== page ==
Deacon Cornell’s Homily

Readings:    Ezekial 37:12-14
Romans 8:8-11
John 11:1-45
Date: March 25-26, 2023, Fifth Sunday in Lent, Cycle A

Is there anyone here named Thomas? Did anyone ever demeaningly call you "doubting Thomas"?

Thomas, called Didymous or twin, along with Mary Magdalene. are two of the most frequently and most mistakenly negatively characterized people in Scripture. Today's story of the raising of Lazarus from the dead contains one of the three places we hear Thomas speak in the Gospels. When Jesus tells the disciples he is going back to Bethany, they all try to change his mind since he would be going back to where the people tried to stone him a little while ago. Only Thomas steps up and says, "then let us go with him, to die with him."

The second is during John's version of the Last Supper when Jesus tells the disciples he is going back to the Father to prepare a place for them. And then he will come back and take them with him. Jesus says to the disciples, you know where I am going so you know the way. But of course they don't know either of those things. Again it is Thomas who has the courage to say what they all are thinking: Master, we do not know where you are going; how can we know the way?" Jesus said to him, "I am the way and the truth and the life. No one comes to the Father except through me."

The third, course is that well known scene when the rest of the disciples are shut up in a room, afraid to show their faces for fear of the authorities arresting them. Only Thomas has the guts to go out and about. Then he goes back to the room and the disciples, still hiding behind locked doors and windows, tell him they have seen the risen Christ. But Thomas is not convinced because they are not acting any differently. He states what he needs in order for him to believe. When Jesus re-appears and gives him what he has asked for, he believes wholeheartedly, kneeling and calling Jesus God - the only person in the Gospels to do so explicitly.

I would argue that the scriptural evidence shows Thomas to be a person who knows himself very well, who is not afraid of being associated with Jesus, and has the courage to speak his mind, and that we all should strive to be like Thomas.

The main focus of today's Gospel of course if Jesus raising Lazarus from the dead - a miracle that many scripture scholars point to as the immediate provocation for the rulers of Jerusalem to want to put Jesus to death. I would suggest that for many of us, this story is one that we don't really see as something that calls us to action. After all, none of us is called by baptism to perform such miracles! But as he does so often, Jesus says one sentence that both calls us to action and at the same time reveals a profound truth about God's plan for salvation. After Jesus and the disciples travel back to Bethany, and Jesus has brief encounters with his dear friends, Martha and Mary, he comes to Lazarus' tomb, and John's Gospel gives us what is often referred to as "the shortest verse in the Bible": "and Jesus wept." (It is the shortest in the King James transalation and many others but not in the original languages). I used to have a friend who would quote that verse anytime she heard any story of people in authority in the Church acting badly. I heard her use it many times back in the early 2000's! But after weeping, Jesus calls Lazarus out from the tomb and gives us a slightly longer but about as pithy a verse. Jesus says to the crowds, ""Untie him and let him go."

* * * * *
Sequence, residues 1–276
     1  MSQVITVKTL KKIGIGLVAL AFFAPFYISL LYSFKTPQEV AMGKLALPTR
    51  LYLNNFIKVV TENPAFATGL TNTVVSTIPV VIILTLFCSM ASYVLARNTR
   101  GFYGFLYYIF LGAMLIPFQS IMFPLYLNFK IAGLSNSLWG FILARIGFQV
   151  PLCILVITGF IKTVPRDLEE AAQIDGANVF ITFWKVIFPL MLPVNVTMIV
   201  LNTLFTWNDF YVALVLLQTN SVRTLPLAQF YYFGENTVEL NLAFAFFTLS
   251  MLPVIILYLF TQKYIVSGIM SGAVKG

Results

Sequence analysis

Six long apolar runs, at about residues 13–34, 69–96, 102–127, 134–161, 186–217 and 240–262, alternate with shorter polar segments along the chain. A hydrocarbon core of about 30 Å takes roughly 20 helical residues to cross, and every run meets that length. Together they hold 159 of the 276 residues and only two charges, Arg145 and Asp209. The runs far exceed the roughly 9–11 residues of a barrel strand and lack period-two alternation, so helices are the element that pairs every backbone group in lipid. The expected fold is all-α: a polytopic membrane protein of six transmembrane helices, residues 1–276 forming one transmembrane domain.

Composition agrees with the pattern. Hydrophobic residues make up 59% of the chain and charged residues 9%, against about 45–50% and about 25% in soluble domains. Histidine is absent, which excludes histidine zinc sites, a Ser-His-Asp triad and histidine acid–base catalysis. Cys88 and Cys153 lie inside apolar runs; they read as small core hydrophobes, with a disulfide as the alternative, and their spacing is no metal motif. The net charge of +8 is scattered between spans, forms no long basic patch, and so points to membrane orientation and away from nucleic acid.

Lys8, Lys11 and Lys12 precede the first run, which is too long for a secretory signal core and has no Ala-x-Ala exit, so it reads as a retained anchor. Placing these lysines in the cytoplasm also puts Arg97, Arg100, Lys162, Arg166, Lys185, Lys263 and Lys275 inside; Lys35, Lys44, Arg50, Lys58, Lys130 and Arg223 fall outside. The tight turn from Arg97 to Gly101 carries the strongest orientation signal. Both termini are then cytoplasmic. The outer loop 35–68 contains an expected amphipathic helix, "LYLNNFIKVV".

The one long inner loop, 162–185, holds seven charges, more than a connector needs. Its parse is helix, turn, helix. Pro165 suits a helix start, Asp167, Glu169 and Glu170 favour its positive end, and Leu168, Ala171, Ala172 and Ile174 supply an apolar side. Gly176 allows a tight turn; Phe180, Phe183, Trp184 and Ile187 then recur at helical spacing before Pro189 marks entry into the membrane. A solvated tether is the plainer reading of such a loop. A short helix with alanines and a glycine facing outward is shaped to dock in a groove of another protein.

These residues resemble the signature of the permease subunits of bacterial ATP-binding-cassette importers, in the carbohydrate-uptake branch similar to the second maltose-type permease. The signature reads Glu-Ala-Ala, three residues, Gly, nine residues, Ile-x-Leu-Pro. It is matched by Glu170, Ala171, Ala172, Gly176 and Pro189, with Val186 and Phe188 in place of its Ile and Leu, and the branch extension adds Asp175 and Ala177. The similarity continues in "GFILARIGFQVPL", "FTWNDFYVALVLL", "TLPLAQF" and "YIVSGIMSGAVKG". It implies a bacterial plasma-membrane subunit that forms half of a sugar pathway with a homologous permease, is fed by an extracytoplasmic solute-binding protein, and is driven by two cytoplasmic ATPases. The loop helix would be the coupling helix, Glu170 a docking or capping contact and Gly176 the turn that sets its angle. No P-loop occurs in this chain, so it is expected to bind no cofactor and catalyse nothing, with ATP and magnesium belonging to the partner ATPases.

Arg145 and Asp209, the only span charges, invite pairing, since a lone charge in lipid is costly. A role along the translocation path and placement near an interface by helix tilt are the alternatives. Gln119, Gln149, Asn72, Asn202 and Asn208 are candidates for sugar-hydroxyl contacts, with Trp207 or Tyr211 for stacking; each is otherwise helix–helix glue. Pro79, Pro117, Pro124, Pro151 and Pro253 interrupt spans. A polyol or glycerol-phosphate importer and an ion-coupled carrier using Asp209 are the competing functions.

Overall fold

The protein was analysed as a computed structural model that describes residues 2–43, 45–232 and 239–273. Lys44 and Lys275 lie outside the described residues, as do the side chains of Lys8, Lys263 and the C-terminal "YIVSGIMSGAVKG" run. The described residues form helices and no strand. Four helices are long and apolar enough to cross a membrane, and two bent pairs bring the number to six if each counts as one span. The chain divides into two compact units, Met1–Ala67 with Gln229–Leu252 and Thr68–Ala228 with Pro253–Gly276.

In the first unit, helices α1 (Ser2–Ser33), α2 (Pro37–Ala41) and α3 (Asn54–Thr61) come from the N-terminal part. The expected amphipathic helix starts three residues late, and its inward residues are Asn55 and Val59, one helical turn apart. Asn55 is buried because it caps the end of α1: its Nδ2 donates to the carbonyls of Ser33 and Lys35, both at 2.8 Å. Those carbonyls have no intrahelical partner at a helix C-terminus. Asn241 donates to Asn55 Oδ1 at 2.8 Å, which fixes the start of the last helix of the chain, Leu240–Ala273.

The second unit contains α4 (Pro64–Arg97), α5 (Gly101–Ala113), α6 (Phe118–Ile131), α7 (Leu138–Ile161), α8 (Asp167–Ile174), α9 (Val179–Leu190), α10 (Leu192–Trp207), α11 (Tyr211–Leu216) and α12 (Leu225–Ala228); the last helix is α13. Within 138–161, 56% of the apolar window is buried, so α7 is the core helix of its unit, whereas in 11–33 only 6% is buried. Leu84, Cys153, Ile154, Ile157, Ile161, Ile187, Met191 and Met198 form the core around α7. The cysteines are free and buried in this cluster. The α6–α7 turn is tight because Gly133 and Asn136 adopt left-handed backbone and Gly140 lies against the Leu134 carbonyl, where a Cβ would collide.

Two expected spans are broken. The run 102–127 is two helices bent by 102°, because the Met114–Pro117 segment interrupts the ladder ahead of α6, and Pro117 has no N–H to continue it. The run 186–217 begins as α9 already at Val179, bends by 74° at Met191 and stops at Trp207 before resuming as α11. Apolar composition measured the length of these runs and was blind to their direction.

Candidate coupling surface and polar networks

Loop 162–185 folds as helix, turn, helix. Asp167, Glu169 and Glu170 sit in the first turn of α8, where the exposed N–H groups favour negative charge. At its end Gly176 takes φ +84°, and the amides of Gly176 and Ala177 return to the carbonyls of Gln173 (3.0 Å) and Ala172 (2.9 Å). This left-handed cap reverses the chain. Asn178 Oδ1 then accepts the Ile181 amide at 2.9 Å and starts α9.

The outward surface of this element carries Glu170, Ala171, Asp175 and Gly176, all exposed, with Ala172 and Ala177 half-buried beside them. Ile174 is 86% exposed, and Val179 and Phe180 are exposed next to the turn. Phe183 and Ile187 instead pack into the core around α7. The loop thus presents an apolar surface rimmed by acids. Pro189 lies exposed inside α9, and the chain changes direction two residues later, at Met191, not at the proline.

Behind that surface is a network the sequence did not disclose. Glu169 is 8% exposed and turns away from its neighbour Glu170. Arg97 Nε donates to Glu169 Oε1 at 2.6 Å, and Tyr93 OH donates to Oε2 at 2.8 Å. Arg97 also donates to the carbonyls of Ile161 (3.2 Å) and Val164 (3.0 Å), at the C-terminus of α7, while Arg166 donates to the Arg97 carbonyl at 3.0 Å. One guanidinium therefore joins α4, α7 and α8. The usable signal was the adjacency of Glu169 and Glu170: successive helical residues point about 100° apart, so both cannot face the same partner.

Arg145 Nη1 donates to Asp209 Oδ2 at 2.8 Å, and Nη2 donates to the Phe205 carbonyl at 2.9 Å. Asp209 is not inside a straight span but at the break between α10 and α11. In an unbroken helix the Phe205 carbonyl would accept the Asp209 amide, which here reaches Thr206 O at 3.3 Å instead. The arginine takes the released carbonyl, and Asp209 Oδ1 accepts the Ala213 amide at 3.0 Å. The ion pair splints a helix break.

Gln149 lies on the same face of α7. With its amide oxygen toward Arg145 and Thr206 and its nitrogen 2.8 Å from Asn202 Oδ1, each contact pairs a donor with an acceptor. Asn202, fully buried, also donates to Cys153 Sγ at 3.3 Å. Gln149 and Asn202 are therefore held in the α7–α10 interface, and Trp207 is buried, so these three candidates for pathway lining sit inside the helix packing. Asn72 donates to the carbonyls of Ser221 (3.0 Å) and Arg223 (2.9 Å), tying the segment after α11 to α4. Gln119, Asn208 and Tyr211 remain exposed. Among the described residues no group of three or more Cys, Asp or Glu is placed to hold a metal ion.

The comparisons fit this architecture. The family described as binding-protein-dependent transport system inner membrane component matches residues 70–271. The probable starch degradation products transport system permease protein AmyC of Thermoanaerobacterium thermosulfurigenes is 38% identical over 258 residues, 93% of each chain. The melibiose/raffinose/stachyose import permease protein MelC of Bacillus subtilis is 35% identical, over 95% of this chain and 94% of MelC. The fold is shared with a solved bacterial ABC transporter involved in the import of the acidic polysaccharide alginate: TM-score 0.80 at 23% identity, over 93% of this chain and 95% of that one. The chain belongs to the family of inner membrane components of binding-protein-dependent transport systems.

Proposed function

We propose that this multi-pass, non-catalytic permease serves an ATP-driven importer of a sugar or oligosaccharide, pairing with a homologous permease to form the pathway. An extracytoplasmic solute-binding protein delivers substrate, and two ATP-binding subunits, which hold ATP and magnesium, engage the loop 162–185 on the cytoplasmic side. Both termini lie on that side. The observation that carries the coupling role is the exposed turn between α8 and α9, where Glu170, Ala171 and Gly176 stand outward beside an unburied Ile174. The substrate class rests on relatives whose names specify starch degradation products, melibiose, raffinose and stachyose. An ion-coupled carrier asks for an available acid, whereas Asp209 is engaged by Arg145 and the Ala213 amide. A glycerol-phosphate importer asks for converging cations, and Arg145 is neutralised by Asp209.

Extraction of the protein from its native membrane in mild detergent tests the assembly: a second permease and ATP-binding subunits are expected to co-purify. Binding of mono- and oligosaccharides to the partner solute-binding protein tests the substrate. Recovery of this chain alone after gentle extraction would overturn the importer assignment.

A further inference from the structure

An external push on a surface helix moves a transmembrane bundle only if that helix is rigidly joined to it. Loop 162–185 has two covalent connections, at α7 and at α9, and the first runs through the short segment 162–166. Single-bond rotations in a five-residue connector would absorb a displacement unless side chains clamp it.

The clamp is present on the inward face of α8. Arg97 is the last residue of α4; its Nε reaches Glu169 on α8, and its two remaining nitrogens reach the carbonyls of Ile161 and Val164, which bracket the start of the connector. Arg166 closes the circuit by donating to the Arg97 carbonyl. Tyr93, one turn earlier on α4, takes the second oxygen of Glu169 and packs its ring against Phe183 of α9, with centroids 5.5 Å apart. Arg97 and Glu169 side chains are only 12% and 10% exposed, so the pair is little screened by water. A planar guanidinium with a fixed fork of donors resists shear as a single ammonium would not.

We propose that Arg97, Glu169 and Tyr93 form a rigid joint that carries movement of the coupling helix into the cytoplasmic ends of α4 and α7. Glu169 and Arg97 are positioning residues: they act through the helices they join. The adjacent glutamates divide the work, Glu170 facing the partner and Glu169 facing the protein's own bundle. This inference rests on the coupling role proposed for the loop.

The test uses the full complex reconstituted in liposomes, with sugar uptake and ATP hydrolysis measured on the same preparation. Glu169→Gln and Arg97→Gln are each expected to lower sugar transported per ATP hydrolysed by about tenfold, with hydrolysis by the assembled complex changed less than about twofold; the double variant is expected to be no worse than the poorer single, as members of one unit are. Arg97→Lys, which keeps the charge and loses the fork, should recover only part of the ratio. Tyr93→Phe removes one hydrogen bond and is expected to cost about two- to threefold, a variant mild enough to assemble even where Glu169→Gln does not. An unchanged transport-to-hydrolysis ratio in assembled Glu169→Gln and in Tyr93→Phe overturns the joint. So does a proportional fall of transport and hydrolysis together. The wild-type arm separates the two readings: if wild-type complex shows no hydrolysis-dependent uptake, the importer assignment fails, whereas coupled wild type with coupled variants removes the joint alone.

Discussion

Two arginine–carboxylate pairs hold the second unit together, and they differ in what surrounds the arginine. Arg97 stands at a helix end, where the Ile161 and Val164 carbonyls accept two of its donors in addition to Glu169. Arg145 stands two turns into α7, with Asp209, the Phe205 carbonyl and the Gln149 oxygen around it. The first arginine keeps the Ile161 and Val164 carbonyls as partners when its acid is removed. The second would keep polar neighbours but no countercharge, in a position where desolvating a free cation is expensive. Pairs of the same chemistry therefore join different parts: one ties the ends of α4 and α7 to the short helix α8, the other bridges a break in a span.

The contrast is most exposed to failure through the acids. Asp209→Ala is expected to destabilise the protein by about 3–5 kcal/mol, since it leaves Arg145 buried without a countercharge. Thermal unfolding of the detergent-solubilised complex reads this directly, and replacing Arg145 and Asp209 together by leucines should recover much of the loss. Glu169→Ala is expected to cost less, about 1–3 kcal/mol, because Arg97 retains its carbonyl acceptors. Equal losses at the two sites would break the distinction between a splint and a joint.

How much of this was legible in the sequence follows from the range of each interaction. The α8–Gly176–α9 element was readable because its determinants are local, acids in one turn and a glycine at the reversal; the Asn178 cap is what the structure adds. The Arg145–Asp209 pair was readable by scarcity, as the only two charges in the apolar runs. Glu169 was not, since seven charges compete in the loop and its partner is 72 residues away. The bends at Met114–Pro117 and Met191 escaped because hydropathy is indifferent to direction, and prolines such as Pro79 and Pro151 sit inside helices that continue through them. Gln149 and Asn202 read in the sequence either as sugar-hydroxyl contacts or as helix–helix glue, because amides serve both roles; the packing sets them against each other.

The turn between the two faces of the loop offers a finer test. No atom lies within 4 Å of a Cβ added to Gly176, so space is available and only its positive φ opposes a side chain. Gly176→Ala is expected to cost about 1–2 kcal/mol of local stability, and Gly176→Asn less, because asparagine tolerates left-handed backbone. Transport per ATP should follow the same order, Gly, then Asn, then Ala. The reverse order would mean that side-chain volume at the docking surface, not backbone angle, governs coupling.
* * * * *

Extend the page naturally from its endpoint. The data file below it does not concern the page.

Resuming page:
I would suggest that we see in that command Jesus gives, our invitation to action. Jesus just raised Lazarus from the dead, after 4 days in the tomb. Certainly Jesus could have made the bindings drop from him. But in God's mysterious plan for the salvation of the world, God has given us humans a part. It is often said that without God, humans can do nothing; but without humans God chooses to do nothing. If we see in this miracle a metaphor for God's power to forgive so that we might be raised from the death of sin, we see that God calls us to then support each other after we have been raised so that we can continue to go in the path of good. God commands us to be responsible to supporting each other in living in the light of right relationship to God, to helping each other keep from stumbling in our blindness back into the death of sin.

Of course to do that, we need to keep on that path of goodness ourselves, and to support others mainly by our example, just as Thomas did. So my prayer today is that we all aspire to be like Thomas, to know what we need to not only believe but to live out of that belief; that we tell God explicitly what it is that we need, and then when God gifts us with what we need, that we have to courage to walk to God, to walk with God, because no matter where that takes us, we are going to and going along the Way, the Truth and the Life.

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